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In physical three-dimensional space, a rotation about an arbitrary axies $\hat{\textbf{n}}$ through an angle $\phi$ can be represented by $$R(\hat{\textbf{n}},\phi)=e^{-i(\textbf{J}\cdot\hat{\textbf{n}})\phi}$$ which is an element of $SO(3)$. In this relation, $\textbf{J}$ is dimensionless, each $J_i$ ($i=1,2,3$) is antisymmetric and satisfies the commutation relation $$[J_i,J_j]=i\epsilon_{ijk}J_k.$$ This is a group theoretical relation and as far as I understand, it has nothing to do with classical or quantum.

The Hermitian matrices $J_i$'s represented the angular momentum operators in quantum mechanics (apart from a factor of $\hbar$). But in classical mechanics, we don't have operators or matrices associated with angular momentum. In classical mechanics, we only have numbers $\textbf{r}\times\textbf{p}$ associated with the angular momentum of a particle.

Question Then what do the antisymmetric matrices $J_i$'s represent in classical mechanics? Do they have anything to do with classical angular momentum?

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As you refer in your question the matrices $\:J_{1},J_{2},J_{3}\:$ are hermitian not antisymmetric as you call them in your last sentence. You'll find a representation of them in the footnote (1) of my answer here :Deriving the unitary operator U(R) associated with a rotation R using Wigner's theorem: \begin{equation} \mathcal{S}_{1}\equiv i \begin{bmatrix} 0&\hphantom{\!\!\!-}0&\hphantom{\!\!\!-}0\\ 0&\hphantom{\!\!\!-}0&\!\!\!-1\\ 0&\hphantom{\!\!\!-}1&\hphantom{\!\!\!-}0 \end{bmatrix} ,\quad \mathcal{S}_{2}\equiv i \begin{bmatrix} \hphantom{-}0&\hphantom{\!\!\!-}0&\hphantom{\!\!\!-}1\\ \hphantom{-}0&\hphantom{\!\!\!-}0&\hphantom{\!\!\!-}0\\ -1&\hphantom{\!\!\!-}0&\hphantom{\!\!\!-}0 \end{bmatrix} ,\quad \mathcal{S}_{3}\equiv i \begin{bmatrix} 0&-1&\hphantom{-}0\\ 1&\hphantom{-}0&\hphantom{-}0\\ 0&\hphantom{-}0&\hphantom{-}0 \end{bmatrix} \tag{01} \end{equation} These matrices have nothing to do and have no relation with angular momentum or any other quantity in classical mechanics.

In quantum mechanics if you suppose that a point particle possesses internal degrees of freedom then a first simple assumption is to represent its state not by a scalar wave function $\:\psi(\mathbf{x})\:$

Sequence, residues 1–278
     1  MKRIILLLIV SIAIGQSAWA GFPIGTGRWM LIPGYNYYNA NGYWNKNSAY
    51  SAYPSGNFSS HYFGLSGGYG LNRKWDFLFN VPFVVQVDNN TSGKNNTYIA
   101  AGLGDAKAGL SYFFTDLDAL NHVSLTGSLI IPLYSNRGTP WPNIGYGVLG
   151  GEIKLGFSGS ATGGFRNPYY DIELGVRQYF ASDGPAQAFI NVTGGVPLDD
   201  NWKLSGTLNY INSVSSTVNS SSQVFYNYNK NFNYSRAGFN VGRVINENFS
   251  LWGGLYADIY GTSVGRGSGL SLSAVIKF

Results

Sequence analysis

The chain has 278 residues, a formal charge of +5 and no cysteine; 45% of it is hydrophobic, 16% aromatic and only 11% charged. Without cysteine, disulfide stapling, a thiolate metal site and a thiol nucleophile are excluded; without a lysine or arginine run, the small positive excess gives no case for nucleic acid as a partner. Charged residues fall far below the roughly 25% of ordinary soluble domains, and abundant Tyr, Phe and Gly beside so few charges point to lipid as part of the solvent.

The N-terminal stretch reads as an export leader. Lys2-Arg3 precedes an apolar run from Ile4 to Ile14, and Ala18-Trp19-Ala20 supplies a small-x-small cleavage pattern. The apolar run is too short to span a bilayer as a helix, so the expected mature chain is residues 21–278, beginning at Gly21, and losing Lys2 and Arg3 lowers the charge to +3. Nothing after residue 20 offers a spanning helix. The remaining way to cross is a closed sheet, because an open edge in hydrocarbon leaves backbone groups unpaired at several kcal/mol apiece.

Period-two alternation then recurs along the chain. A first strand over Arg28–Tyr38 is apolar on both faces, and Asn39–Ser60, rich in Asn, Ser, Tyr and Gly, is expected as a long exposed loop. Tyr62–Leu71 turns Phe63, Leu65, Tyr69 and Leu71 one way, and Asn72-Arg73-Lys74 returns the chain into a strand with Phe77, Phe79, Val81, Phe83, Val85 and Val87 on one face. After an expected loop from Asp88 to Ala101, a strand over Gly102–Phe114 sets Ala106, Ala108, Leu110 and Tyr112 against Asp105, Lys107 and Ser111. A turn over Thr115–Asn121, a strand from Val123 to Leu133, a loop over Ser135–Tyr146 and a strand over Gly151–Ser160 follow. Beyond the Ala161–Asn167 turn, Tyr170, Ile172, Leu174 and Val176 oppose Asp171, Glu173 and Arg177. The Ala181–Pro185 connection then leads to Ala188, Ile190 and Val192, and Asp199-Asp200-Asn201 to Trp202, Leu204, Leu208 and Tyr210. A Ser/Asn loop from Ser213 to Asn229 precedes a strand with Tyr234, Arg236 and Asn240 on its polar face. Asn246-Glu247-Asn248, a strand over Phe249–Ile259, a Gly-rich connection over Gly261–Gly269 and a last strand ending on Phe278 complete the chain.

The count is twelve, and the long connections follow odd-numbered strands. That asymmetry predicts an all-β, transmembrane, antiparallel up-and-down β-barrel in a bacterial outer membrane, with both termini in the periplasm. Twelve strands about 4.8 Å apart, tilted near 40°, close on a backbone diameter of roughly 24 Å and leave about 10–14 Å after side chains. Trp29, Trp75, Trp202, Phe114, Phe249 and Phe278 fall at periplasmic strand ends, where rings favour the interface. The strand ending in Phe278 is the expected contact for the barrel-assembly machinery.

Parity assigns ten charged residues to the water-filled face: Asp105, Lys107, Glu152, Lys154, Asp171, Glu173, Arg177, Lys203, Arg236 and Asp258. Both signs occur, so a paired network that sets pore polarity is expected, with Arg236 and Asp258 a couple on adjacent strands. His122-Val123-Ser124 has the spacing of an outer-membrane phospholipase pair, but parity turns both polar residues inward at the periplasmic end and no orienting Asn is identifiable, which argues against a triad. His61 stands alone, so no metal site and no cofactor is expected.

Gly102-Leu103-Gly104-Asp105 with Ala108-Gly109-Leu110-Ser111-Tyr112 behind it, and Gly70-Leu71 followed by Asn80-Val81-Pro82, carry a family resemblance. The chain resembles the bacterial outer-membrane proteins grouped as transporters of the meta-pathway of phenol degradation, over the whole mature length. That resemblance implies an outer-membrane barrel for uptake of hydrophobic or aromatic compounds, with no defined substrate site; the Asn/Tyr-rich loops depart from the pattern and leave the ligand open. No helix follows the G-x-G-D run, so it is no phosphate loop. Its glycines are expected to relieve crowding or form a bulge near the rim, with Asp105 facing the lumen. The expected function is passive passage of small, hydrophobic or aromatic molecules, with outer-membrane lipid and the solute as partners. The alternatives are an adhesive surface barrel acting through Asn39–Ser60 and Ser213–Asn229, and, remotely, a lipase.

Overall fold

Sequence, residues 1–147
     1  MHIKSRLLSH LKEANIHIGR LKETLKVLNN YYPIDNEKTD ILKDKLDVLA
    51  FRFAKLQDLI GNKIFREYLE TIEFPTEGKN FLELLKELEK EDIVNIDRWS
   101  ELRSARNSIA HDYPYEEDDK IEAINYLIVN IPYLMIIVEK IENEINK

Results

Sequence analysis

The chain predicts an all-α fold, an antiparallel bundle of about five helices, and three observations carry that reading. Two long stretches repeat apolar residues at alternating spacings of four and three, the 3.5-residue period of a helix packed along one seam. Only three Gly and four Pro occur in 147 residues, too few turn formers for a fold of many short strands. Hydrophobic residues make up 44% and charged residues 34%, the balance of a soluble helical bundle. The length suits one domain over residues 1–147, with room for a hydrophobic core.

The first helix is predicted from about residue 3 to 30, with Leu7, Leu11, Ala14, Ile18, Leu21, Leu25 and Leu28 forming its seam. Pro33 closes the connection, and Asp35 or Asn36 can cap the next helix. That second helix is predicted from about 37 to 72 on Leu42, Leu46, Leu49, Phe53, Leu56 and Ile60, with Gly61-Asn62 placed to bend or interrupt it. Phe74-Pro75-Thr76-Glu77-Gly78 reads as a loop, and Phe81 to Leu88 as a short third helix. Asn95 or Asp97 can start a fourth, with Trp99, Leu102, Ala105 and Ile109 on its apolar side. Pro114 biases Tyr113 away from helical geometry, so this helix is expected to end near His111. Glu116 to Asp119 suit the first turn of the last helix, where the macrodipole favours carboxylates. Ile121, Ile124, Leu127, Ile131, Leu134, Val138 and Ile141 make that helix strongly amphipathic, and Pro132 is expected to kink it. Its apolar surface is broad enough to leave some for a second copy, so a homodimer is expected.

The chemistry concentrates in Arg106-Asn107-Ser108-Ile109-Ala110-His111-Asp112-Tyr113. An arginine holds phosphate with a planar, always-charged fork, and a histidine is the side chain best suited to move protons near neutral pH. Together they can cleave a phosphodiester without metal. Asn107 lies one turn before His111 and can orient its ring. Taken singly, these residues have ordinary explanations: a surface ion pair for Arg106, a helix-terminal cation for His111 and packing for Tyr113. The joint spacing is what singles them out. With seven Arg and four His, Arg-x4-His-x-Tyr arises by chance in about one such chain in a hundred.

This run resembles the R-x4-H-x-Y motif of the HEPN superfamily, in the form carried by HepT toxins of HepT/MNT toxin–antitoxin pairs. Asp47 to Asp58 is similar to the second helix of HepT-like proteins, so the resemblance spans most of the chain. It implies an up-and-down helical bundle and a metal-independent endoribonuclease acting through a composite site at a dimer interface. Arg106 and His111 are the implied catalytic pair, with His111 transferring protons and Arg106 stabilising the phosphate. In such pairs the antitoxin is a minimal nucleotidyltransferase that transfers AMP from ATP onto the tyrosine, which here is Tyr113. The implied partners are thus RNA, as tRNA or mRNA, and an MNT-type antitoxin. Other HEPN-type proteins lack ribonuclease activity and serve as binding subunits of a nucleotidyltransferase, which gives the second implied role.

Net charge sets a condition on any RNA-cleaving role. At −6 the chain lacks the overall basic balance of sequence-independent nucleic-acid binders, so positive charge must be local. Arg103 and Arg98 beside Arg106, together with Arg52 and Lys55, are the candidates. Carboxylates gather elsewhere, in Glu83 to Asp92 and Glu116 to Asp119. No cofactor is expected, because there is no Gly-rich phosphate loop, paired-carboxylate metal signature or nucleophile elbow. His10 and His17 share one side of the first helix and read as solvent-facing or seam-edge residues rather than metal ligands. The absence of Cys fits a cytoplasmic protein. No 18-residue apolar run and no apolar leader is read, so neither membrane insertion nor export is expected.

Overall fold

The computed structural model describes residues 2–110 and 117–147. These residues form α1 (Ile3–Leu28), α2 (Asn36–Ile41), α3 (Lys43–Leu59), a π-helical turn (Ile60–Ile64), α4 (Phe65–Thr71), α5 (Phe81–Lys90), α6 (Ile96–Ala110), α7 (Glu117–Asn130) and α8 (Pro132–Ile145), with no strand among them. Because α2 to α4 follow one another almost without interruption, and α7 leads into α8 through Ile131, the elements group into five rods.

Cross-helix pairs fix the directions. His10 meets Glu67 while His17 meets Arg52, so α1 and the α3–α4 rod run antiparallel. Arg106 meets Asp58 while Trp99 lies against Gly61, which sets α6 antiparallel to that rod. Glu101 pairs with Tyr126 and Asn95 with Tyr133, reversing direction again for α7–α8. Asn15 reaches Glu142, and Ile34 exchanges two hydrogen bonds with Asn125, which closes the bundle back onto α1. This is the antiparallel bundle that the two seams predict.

but by a 3-vector wave function $\:\boldsymbol{\Psi}(\mathbf{x})$.Further, we assume that, when the state is rotated by $\:R(\mathbf{n},\theta)\:$, not only does $\:\mathbf{x}\:$ change into $\:\mathbf{x}'=R\mathbf{x}\:$ but also $\:\boldsymbol{\Psi}\:$ as a 3-vector changes into $\:\boldsymbol{\Psi}'=R\boldsymbol{\Psi}\:$. In this case we talk about a vector particle and the matrices represent the spin angular momentum $\:s=1\:$ (*) .


(*) "Quantum Mechanics",Leonard I.Schiff, 3rd edition 1968,McGraw-Hill : Spin of a vector particle (Section 27 ROTATION, ANGULAR MOMENTUM, AND UNITARY GROUPS), p.197-199.

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  • $\begingroup$ Note that since $R$ is orthogonal, $J_i$'s are antisymmetric. See ZeroTheHero's answer, for example. But yes. $J_i$'s are hermitian in quantum mechanics. @Frobenius $\endgroup$ – SRS Aug 8 '18 at 21:19
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The representation of the orbital angular momentum vector ${\bf L}$ in terms of derivatives does have a role in classical physics. The appearance of derivatives means that the quantity is only meaningful in a continuum field theory, so that there is a field defined at every spatial point, providing something that can be differentiated.

In such a theory field theory, the parameterization of field configurations in terms of eigenstates of ${\bf L}^{2}$ and $L_{z}$ is the same as the parameterization in terms of multipoles. The study of these multipoles is a major topic in electrodynamics, both in statics and in radiation theory. In the electrostatic case dipolar field has $\ell=1$; a quadrupole has $\ell=2$, and so on. With multipole radiation, there is a relationship, just as in quantum mechanics, between the $(\ell,m)$ eigenvalues describing the field and the orbital angular momentum that the field carries.